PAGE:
Recent studies have shown an increase in the northward range-expansion of the black-legged tick, Ixodes scapularis, the primary transmission vector of Lyme disease. This expansion poses a possible public health risk to the previously unaffected population of southern Québec. Periurban parks specifically pose a risk for transmission of Lyme disease, as high human populations come into contact with tick populations in these areas. For this reason, we wanted to explore the factors that may lead to higher risk of Lyme disease transmission within a peri-urban park in southern Québec. Our specific question of interest was "what spatial and behavioural factors put the public at risk for contracting Lyme disease in Longueuil Regional park'?"

Using the Geoweb to support community participation in watershed monitoring – problem identification in water management

(Prof. Renée Sieber, McGill School of Environment & Department of Geography)

The Yamaska River flows north into the Saint Lawrence River south of Montréal, soil erosion in its drainage basin is leading to decreased water quality, which is a concern to many citizens in the watershed. This 4784 km2 sized watershed has experienced a shift from being a largely forested area to one that is mainly agricultural, leading to changes in aquatic ecosystems, stream flow regimes, and natural erosion patterns. This study addressed soil erosion as it is an observable phenomenon of primary concern to many citizens due to the loss of fertile soils and water quality degradation. The Rivière Noire, one of the main tributaries of the Yamaska, is the primary study area for the project. A group concerned with environmental issues and water quality within the MRC of Acton is the Corporation de Développement de la Rivière Noire (CDRN) and this project was developed to help them address erosion concerns in the region. Erosion is a natural phenomenon, which humans can accelerate through intensive agricultural practices. Seven McGill students collaborated on a project to help CDRN and as part of their studies in Environmental Research under direction of Professor Renée Sieber. This report outlines the project and its findings. The project assesses how to increase use of local citizen participation and reporting using a Geoweb application, an online digital mapping tool. The project objective was “To design and implement a Geoweb application to enable community-led monitoring of erosion in the watershed of the Rivière Noire in the MRC of Acton, Québec”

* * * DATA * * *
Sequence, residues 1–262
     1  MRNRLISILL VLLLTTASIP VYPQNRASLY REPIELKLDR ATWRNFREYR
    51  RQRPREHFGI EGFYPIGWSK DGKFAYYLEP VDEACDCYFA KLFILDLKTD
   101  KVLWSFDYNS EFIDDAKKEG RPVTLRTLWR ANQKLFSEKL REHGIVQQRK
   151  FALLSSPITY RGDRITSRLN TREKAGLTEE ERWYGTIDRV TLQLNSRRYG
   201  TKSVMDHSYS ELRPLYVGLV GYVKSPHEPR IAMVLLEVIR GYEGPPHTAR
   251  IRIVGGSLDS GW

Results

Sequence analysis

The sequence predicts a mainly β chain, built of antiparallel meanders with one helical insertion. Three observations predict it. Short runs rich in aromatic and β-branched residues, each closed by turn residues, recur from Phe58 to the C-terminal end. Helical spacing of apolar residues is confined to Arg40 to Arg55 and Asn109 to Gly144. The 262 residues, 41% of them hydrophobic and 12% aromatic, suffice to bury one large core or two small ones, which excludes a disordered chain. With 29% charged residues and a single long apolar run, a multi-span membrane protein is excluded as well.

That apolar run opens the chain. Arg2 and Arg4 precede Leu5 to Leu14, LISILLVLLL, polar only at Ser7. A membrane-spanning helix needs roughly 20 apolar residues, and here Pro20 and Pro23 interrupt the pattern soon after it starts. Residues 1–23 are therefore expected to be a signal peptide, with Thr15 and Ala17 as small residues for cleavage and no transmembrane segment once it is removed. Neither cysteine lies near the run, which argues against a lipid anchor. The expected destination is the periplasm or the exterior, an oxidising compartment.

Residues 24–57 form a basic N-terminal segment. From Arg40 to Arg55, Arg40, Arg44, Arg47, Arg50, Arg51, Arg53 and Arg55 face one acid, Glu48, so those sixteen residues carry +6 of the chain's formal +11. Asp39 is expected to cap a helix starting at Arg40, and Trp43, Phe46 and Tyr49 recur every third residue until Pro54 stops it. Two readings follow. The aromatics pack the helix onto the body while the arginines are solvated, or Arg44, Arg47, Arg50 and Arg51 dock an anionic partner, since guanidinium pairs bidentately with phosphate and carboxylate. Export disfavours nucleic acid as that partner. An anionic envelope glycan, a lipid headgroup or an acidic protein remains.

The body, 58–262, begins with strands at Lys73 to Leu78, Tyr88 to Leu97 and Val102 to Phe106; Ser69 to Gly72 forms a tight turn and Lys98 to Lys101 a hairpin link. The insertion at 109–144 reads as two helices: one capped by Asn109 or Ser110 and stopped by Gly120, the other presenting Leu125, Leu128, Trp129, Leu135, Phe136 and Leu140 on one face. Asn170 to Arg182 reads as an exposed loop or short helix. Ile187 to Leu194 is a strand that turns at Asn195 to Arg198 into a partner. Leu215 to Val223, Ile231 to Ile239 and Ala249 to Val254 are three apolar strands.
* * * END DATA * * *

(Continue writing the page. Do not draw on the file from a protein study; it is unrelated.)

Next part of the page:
Using the Geoweb to support community participation in watershed monitoring – water quality data collection to enable citizen led monitoring

(Prof. Renée Sieber, McGill School of Environment & Department of Geography)

Our research focuses on evaluating whether the GeoWeb platform can be used to facilitate citizen-led problem identification of watershed issues in a rural community. This research will provide our client, La Corporation de développment de la rivière Noire (CDRN), with a process and a manual to facilitate the introduction of the GeoWeb platform into the community. Data was collected through five small-scale workshops held in the Regional County Municipality (MRC) Acton. Following the workshops, a semi-structured interview was conducted with CDRN in order to assess the applicability and usefulness of the tool for their purposes.

Biological inventory of Ste-Anne-de-Bellevue – Ecosystem Level Assessment

(Prof. Sylvie de Blois, McGill School of Environment & Department of Plant Science)

Summary unavailable

Biological inventory of Ste-Anne-de-Bellevue – Biodiversity Assessment

(Prof. Sylvie de Blois, McGill School of Environment & Department of Plant Science)

Summary unavailable